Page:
Julius I. Lamprecht
J. I. Lamprecht was born July 14, 1853, at Cardington, Ohio. There he started his business career in a bank. He married Miss Katherine Prophet, Cardington, Ohio, in 1878. He then moved to Cleveland, Ohio two years later where he entered the oil business under the name, the National Oil Company.
In 1884 this company became incorporated as The National Refining Company with capital stock of $50,000. A couple of years later the capital was increased to $100,000, after which every few years another hundred or two hundred thousand were added, until in 1920 at the time of his death the capital value of the company he founded 40 years earlier was now worth about $50,000,000.
The growth of the National Refining Company has been one of gradual consistent expansion. The policy of turning out a better product than the standard generally maintained by its contemporaries, and charged correspondingly more for it, had proven a successful one. After founding the institution which grew into the National Refining Company, the first enlargement took place when an arrangement was made with L. D. Mix, a Cleveland refiner, under which agreement the National assumed the responsibility for marketing the output of the Mix plant. Later a similar arrangement added the refining plant of the Sun Oil Company to the organization. In 1897 the Peerless Oil Company's plant at Findlay, Ohio was acquired by the National, and at about the same time the refinery of the Globe Oil Company in Cleveland was acquired.
In 1906 The National Refining Company, like many others, built a plant in the west (Oklahoma, Kansas, Texas). They erected a refinery at Coffeyville, Kansas. Also this same year they took over a plant at Marietta, Ohio. Two years later in 1908 the company acquired a controlling interest in the Canadian Oil Companies, Limited. This increased its refining facilities to five plants. In the meantime producing lands, pipe lines and distributing stations enumerated among the company's assets. By 1920 the company had large production in Kansas, Ohio, Kentucky, Indiana, Illinois and several sub-classifications of the oil producing fields in the southwest.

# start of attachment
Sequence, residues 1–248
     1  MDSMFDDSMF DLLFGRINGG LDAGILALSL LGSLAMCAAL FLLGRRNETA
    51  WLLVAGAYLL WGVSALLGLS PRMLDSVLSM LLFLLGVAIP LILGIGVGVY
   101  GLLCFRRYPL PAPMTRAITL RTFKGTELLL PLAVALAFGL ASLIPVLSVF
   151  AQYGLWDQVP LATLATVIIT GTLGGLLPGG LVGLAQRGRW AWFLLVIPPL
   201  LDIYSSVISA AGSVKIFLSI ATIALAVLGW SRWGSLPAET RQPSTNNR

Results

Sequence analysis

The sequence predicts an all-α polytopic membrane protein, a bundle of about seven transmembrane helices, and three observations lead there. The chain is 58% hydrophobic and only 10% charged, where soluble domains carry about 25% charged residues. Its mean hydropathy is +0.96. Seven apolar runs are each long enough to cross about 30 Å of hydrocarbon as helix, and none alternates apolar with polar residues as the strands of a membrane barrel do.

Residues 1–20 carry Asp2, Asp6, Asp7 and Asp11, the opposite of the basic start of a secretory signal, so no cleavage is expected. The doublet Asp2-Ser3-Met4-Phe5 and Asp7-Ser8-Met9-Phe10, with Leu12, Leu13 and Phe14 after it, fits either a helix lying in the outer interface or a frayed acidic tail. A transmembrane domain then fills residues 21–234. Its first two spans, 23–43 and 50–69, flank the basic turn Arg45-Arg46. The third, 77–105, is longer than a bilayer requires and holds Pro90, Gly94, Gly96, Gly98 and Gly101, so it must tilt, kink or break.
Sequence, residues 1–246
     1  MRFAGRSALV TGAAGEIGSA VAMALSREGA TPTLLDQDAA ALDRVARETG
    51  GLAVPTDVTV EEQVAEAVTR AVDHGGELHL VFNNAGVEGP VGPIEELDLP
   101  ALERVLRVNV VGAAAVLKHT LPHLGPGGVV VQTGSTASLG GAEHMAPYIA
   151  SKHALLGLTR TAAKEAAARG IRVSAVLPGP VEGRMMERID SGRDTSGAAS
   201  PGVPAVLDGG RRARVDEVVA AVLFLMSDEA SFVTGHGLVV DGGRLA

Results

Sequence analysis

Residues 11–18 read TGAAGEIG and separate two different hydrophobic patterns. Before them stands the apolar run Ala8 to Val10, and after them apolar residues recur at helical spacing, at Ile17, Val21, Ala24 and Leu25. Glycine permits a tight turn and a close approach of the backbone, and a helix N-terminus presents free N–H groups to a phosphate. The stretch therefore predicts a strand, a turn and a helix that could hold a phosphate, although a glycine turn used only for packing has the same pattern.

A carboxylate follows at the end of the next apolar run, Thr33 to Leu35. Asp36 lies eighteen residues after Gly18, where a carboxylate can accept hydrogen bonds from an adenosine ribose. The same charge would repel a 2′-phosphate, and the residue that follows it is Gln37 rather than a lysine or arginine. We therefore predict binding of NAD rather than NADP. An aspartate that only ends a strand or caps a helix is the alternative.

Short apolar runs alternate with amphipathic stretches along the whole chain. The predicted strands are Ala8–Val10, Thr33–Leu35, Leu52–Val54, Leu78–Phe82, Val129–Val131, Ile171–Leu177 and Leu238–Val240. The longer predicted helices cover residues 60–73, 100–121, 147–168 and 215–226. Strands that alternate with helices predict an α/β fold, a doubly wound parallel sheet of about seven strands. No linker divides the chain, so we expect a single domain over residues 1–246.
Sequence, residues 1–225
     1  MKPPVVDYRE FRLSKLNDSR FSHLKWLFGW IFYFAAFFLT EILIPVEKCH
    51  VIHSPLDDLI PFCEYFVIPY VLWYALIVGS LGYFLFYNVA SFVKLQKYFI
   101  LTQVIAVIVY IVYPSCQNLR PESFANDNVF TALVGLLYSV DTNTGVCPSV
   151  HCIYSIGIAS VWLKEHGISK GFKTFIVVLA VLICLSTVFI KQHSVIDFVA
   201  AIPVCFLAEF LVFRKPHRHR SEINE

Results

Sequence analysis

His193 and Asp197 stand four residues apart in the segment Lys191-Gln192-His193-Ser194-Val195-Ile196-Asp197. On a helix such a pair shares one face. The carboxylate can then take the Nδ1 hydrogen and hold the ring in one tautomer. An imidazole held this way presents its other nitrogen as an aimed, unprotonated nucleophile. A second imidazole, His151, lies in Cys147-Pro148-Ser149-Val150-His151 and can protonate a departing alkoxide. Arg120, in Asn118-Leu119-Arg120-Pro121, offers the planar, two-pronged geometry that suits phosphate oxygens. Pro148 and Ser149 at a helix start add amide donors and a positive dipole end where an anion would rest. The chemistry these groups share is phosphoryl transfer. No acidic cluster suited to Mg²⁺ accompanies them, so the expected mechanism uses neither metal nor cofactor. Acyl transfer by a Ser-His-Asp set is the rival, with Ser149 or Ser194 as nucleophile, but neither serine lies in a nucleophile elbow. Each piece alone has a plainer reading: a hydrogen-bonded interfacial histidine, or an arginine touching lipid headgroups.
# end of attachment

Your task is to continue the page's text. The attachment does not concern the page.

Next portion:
Mr. Lamprecht was possibly the largest single stockholder in the company. He was respected, judged as a man of unusual judgement and foresight, devoted to his business, energetic and of proverbial integrity. One of his chief assets was his ability to select capable coworkers and efficient salesmen. He nursed the struggling oil company for 40 years through panics and oil business depressions.
He was a pioneer in the oil business and at the time of his death was one of the prominent figures in the industry. Besides being head of the National Refining Company he was president of the Swiss Oil Corporation and the Conneaut Water Company, and was a member of the directorate of the Atlas Oil Company, Globe Refining Company, Union Commerce National Bank, Cleveland Trust Company, Union Mortgage Company, and Cleveland Erieau Steamship Company. He was a member of the Union Club and the Country Club of Cleveland.
Mr. Lamprecht had one son W. H. Lamprecht and two daughters, Mrs. E. I. Mason and Mrs. J. G. Dobbins.
J. I. died at the age of 67 on October 4, 1920 following an operation for appendicitis
in a hospital at Atlantic City, N.J. He was in Atlantic City attending the annual
convention of the National Petroleum Association.